Page 31

                          December 30th 1855

             Had a visit from Hub Titus yesterday in the afternoon with his wife.  They stayed in the evening and we had among us all a great time.  I sat on the table in a chair and played the violin for Cotitions Hordigs.  Thin whats & brakdown danced till half after eleven.  ________ till ten minutes to nine this morning then arose washed, shifted clothes and read some in Taylors Digesis and indrsed the most of it.  Got my Tribune last night must read some in it.  Going down to Jewett’s after dinner to write to Seth.  I with Jewett collectivly the weather is rather sad and dreary and very cold and I will transfer myself to reading.

Amen Bill Akins

Polkton  Dec 30, 1855 up stares by the stove pipe Sunday morning.


Page 32

                          Feb 25th 1856

             The preceding few pages were written while I was in rather a debilitated state of health.  When physical and mental facal ties were declining and also laboring under a melancholy apprehension that I was about to have the Ague and fever.  This is my appology for grunnefs.  Though now my friends are indefferent to me for letters and don’t care more than ever.  Good by to nonsence and away to bed.     Bill Akins

                                                                                                        Polkton Ottawa Co Michigan

             The envious snow fell in past

             To prove they beast less fair

             But grieves to see itself surpassed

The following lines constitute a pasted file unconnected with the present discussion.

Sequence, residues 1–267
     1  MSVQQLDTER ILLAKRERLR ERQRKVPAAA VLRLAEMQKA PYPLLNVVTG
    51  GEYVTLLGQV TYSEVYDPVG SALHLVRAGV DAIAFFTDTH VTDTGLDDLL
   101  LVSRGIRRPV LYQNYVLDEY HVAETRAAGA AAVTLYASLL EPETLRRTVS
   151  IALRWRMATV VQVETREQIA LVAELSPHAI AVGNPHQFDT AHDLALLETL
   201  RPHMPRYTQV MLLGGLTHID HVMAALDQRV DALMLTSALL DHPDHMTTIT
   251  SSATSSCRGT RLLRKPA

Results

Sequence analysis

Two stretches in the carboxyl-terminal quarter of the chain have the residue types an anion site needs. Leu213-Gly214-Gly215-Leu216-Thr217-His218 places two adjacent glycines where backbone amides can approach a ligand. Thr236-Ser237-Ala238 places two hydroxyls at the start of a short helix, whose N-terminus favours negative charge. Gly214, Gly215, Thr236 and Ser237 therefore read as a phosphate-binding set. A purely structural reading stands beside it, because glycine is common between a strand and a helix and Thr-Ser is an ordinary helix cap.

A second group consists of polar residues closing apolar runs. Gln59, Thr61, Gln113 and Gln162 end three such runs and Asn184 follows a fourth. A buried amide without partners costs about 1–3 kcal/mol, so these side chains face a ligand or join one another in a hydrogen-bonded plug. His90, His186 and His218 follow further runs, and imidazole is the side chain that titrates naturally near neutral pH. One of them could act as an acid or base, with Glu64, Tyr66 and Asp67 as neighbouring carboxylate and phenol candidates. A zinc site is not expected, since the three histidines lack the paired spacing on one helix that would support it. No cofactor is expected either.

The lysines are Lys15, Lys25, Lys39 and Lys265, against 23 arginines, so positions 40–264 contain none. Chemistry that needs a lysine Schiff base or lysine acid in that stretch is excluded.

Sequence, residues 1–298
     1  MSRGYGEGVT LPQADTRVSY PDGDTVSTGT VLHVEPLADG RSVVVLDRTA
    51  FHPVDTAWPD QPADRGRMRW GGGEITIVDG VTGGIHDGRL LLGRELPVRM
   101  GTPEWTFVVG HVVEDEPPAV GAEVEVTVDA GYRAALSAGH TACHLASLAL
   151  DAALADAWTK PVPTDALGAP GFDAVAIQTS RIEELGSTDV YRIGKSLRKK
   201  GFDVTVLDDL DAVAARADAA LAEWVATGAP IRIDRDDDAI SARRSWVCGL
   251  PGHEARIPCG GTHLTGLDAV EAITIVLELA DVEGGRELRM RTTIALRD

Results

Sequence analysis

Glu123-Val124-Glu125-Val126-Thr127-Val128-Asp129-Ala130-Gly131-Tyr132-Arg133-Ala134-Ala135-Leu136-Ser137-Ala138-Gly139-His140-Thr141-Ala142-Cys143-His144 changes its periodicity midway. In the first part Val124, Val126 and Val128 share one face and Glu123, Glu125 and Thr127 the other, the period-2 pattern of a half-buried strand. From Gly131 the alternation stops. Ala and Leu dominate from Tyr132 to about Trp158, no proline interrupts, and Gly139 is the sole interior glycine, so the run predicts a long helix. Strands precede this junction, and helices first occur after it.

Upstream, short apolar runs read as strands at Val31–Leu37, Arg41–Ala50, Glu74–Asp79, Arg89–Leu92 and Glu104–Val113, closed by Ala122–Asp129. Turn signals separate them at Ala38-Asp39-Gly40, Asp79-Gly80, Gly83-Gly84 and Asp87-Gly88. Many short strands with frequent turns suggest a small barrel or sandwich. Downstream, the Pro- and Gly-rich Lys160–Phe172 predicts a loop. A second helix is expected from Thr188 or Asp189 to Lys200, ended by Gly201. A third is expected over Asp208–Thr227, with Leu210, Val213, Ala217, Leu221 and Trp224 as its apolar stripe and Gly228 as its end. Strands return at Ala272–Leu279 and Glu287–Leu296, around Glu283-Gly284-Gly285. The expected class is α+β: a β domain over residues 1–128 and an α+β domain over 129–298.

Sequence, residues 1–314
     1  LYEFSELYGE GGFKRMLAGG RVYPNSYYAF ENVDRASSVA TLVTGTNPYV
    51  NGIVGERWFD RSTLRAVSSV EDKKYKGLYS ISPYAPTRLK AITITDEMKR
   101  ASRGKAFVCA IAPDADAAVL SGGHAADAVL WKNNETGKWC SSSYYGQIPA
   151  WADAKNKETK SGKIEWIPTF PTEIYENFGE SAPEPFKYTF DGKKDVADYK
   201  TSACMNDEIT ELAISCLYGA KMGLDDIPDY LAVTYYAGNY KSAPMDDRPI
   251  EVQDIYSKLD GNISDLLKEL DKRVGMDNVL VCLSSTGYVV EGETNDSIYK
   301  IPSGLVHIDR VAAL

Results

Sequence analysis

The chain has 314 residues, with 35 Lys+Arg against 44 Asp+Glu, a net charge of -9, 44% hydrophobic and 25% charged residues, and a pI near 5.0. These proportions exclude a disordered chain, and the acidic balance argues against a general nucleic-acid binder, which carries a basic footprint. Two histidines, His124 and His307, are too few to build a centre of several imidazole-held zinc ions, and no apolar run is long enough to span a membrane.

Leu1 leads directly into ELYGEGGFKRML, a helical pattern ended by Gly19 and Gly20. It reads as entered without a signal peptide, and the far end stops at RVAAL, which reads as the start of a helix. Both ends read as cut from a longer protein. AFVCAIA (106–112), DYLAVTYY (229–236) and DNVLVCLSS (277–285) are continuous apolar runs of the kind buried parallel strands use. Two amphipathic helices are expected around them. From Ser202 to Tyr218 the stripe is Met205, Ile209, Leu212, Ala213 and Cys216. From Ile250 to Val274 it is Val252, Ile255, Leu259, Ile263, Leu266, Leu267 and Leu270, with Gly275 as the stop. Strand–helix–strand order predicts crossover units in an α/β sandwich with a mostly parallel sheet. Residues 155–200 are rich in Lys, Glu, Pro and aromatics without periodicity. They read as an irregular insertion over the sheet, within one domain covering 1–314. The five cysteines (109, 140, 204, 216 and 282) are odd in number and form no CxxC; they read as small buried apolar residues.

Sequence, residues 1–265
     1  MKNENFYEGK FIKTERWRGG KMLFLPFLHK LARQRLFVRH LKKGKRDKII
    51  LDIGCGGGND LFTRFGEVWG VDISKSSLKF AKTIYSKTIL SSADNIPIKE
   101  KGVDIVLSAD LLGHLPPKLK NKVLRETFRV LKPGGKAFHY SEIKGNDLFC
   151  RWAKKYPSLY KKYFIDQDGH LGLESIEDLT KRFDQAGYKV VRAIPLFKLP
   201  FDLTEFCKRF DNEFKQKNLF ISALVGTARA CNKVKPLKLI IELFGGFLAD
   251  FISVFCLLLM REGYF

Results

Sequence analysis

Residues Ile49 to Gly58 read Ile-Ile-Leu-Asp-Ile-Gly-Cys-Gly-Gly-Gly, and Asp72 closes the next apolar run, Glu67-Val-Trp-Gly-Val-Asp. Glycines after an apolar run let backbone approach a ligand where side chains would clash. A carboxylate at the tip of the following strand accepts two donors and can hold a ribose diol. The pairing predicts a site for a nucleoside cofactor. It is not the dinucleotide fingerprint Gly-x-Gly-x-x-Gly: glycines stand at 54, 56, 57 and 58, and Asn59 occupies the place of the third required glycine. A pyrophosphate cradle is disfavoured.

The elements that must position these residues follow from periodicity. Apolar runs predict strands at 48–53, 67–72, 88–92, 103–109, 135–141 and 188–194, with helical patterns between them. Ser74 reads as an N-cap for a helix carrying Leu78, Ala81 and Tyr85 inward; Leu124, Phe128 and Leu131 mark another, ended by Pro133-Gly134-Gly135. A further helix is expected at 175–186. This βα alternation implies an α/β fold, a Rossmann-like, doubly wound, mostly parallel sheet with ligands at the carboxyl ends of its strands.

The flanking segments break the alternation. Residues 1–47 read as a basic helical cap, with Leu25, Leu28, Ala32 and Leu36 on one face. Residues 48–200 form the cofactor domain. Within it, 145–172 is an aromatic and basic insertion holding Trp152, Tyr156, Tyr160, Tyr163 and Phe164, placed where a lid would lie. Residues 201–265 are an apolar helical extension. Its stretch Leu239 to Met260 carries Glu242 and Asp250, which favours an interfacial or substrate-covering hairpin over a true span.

And melts into a tear.


             The snow fell on her white boosom has

             And we know it hadn’t order

             Pray till it last, alas.  A Dear

             ______ shirt was wet as water

                          Swampenous Toinous


Page 33

                                                                 Roseville 12 of May 57

             Eating ____ cakes this afternoon.  The girls have got home.  Fib is sick with the head-ache & Vira is on the nip cat and the mother gone visiting.  Every thing seems brighter ______  all around the room.  The weather is desidedly pleasant but cool.  4 ¼ ocl pm.           Bill Akins


                          An hour at the old playground.

I sat an hour today _______.

Beside the old playground.

I sat an hour today _____

Besie the old brook _____

When we were school boys in old time.

Haven ______ was a dream

The brook is ekked with fallen leaves

The pond is dryed away

I scarce believe that you would know

The dear old place today.

The school house is no more John

Beneath our front tree

When _____ _____ rose by the window side


Page 34

             Roseville May 16, 1857

Friend ------

                          Our pardon my friend for the liberty I take in addressing now in this thoughtful hour.  I am thinking at present of the melancholy days that are again returning.  Although it’s early in autumn the wind is whistling through the trees newly robed of their green leaves, the tree standing tall and bare bending slowly and wailing mournfully to the winds the leaves lie dead at their feet.  How continually are we reminded of the friends that have sickened and died, that were once dear to us.  That had perhaps, proud hopes in youth, like ourselves.  That strickened down in youth and all such hopes frustrated.  But spite of blighting & withering winds I can not help thinking that better days will return as do loved friends for another, & another farewell.  ____ she leaves us to the mercy of a teadious Northern winter – but now for the present supper must be attended to.